Homemade Cranberry Sauce

With (Canadian) Thanksgiving in a couple days, it’s time to get ready for the big turkey dinner (or chicken or tofurkey, if turkey isn’t your thing).  As I mentioned in my last post, my sister and I usually take on the big holidays because we like to cook. We never did celebrate Thanksgiving too much when we were younger, but that changed when we took charge of the kitchen. My mom never liked the taste of turkey, so we would usually have chicken, but that changed when she had turkey that was cooked properly (i.e., wrapped in bacon). Of course, that wasn’t going to happen all the time (although the rest of my family wants to do that this weekend), but we found a way to cook the turkey to her liking that still left it moist and flavourful.

An important condiment to go with turkey? Cranberry sauce. I know this isn’t for everyone (I sure did NOT like this before), but after I started making my own, knowing what I put into it, it just isn’t the same without it! I mean, the canned stuff is pretty disgusting and WAY too sweet. It’s almost like a jelly, and sometimes it has a metallic taste from the can. Anyhow, this homemade cranberry sauce definitely was a big hit with both my family and at potluck dinners with friends where turkey was being served!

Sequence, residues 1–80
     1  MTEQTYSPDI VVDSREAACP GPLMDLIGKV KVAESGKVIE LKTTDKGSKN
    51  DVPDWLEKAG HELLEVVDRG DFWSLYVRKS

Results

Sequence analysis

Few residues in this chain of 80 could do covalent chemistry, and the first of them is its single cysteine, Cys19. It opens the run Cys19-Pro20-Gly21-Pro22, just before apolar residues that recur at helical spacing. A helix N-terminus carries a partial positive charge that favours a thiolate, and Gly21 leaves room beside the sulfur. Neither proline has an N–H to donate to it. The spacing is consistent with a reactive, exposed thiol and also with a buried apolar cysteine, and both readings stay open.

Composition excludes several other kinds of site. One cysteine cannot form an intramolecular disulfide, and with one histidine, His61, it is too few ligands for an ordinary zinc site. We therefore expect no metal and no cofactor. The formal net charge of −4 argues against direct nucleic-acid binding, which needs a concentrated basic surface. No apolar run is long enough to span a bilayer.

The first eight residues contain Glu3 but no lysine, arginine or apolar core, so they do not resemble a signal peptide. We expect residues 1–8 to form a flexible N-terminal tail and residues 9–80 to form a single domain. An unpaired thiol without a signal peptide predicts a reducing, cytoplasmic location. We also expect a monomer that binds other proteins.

It might sound like it would take a lot of effort to make cranberry sauce, but it is really easy to make. This is much healthier, and your body will thank you! This might make a big batch, but it saves well in the freezer…and you can use it in baked goods!


  • 24 oz fresh cranberries
  • rind and juice of 1 navel orange
  • 1 can of pineapple chunks (or ~1-2 cups chopped fresh pineapples)
  • 4 cloves
  • 2 cardamom pods, cracked
  • 1/2 tsp ground mustard seed
  • Agave or cane sugar, to taste


To your high-powered blender, add the can of pineapples (or fresh pineapples with a bit of water), and blend until smooth. Set aside.

Heat a large sauce pan over medium heat. Add the cranberries, rind, orange juice, pineapple chunks, cloves, cardamom, and ground mustard. Cook until cranberries begin to pop. Because cranberries have natural pectin, it’ll start to thicken up. Add agave or cane sugar to taste, depending on how sweet/tart you want it. Remove from heat and serve!

Looking for a stuffing to use? Try the quinoa pilaf in my stuffed acorn squash, or substitute with bread, if you want a bread stuffing!

Wishing everyone a Happy (Canadian) Thanksgiving!


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